A sad story I will now relate. Our beloved guitar is mortally wounded. The wood underpinning the bridge split in half, leaving two of the strings unusable.
We don’t give up on the guitar easily though. We walk a couple of kilometers in 100 degree heat and blazing midday sun from Pham Ngu Lao to Saigon’s “Guitar Street” – a.k.a., Nyugen Thien Thuat.
“Guitar Street” in Ho Chi Minh City. Image courtesy vietnamnet.vn
This where most of the stringed instruments have been made by hand, repaired and sold for hundreds of years. If there’s anywhere in Saigon to find out if Beej’s guitar has a chance at survival, it’s here.
But the prognosis is grim. Every shop we go to takes one look and says the same thing: “There is nothing that can be done.”
The bridge is cracked and if they take off the bottom part, the finish will also…
The 23/9 Park across from Pham Ngu Lao street in Saigon’s backpacker district is swarming with activity from 6 am on.
This being a large Vietnamese city where authority is centralized, most of the activity is pretty tightly regulated. The first day we’re there, dozens of organized groups are kicking the shuttlecock around; the next day, everyone – I mean everyone – is rollerblading, and it’s as if the shuttlecock never existed.
The slight oddness is amplified doubly by the fact that we’ve arrived while the entire park is being used as an advertisement for Vietnam’s tourist industry. A garish live concert, as loud as at any arena, is being held at the east end. Vietnamese pop singers extol the wonders of the country’s natural beauty in song while images of waterfalls and beaches are projected on a giant screen behind them.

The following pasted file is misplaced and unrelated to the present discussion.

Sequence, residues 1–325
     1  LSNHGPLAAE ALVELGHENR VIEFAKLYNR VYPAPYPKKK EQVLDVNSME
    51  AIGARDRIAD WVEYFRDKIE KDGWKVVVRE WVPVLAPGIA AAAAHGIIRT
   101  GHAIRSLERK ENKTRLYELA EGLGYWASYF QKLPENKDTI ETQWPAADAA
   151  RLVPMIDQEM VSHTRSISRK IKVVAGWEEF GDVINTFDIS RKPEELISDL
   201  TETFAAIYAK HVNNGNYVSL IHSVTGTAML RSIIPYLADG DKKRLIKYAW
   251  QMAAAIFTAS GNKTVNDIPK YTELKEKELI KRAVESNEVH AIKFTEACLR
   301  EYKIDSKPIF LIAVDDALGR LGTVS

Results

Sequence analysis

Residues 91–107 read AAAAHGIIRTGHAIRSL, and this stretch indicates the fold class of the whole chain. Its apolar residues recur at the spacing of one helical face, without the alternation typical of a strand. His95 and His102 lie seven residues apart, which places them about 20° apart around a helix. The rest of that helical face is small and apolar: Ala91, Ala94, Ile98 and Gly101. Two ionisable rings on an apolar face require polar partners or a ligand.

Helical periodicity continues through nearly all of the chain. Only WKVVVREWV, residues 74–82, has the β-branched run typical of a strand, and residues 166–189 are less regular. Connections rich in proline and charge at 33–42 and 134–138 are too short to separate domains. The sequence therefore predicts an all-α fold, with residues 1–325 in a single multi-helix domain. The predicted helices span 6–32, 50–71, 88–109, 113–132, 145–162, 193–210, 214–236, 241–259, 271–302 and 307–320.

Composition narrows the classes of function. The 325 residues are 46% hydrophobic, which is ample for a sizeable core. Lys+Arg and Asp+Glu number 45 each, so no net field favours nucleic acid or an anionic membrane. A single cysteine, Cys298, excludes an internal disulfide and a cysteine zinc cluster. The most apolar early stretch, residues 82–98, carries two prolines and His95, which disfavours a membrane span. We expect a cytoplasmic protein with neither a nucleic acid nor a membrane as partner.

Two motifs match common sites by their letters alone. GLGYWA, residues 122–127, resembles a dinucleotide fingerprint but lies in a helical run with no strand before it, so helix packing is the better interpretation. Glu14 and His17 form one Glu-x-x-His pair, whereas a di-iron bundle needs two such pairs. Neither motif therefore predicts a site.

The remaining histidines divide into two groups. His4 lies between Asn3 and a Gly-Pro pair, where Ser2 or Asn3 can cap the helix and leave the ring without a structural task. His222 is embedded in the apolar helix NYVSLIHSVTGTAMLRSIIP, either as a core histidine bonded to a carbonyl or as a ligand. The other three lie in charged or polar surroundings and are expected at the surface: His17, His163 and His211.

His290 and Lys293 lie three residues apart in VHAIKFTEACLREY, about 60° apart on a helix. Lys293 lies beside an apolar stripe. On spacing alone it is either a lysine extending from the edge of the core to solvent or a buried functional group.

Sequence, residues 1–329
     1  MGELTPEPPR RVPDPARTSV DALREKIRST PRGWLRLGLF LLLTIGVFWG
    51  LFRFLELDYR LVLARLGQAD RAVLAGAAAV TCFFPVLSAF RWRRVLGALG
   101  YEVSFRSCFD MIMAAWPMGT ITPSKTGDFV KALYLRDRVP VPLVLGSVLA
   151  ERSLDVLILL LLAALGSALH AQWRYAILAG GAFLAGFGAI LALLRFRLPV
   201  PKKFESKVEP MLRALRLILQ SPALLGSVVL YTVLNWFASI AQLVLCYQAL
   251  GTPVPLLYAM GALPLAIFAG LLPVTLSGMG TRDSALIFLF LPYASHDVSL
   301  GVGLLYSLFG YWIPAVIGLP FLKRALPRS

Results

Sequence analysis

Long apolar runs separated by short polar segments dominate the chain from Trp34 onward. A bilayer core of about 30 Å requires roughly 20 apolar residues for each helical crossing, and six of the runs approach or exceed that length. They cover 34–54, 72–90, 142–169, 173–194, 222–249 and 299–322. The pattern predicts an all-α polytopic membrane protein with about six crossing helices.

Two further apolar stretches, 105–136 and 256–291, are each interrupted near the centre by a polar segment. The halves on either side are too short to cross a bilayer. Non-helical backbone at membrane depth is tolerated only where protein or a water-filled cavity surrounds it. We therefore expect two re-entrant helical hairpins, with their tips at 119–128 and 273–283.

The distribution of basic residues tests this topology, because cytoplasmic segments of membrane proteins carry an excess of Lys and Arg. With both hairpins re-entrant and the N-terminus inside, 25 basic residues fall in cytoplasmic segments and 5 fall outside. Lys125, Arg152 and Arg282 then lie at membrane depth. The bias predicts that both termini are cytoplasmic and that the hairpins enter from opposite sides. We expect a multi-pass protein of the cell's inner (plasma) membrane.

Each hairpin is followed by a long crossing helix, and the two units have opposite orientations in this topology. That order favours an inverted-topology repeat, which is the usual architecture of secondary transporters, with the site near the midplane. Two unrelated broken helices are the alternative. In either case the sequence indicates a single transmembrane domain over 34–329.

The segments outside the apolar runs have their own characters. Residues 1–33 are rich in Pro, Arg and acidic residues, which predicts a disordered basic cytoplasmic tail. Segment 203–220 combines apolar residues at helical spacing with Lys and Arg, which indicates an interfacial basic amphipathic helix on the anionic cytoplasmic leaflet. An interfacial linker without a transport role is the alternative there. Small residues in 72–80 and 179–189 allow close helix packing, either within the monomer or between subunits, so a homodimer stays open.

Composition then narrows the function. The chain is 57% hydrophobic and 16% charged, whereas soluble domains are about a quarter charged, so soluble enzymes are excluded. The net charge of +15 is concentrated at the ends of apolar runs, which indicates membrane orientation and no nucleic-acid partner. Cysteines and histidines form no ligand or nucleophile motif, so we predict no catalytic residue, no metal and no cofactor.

The singers strain their hardest to get the packed and seated crowd worked up. They dance and sing with tremendous flair and energy. This being a reticent Southeast Asian country, though, and not prone to outward celebratory expression, the pop stars’ raised fists and triumphant smiles at the end of every song occasion no uproar.
No, instead there is dead silence once the music falls silent. Not one spectator betrays any sign that they have just witnessed a performance at all, no matter how slam-bang the spectacle. It makes me feel bad for the performers giving it all, but I’m sure they’re used to it.
Pretty sure this girl was there? Not positive.
The rest of the festival is mostly just booths hawking Malaysian cruises and temple tours and such. The only other highlight occurs when we run across a large group little kids dancing to a great DJ spinning hardcore hip-hop tracks (think an F-bomb every five seconds) while their parents look on. The DJ is so good, in fact, that Stax and I have a hard time stopping ourselves from joining the kids. The dour expressions of the parents as they stand around put a damper on these inclinations, however.
Despite these peculiar goings-on, the park is very pleasant at most hours and usually full of Vietnamese students eager to speak English or French with foreigners. Don’t deny yourself this experience – you will get more out of the exchange than the kids themselves probably will.
Since we returned to Saigon from our mountain retreat in Dalat, we’ve been staying at the Vy Khanh Guesthouse down a maze of back alleys just off the main street.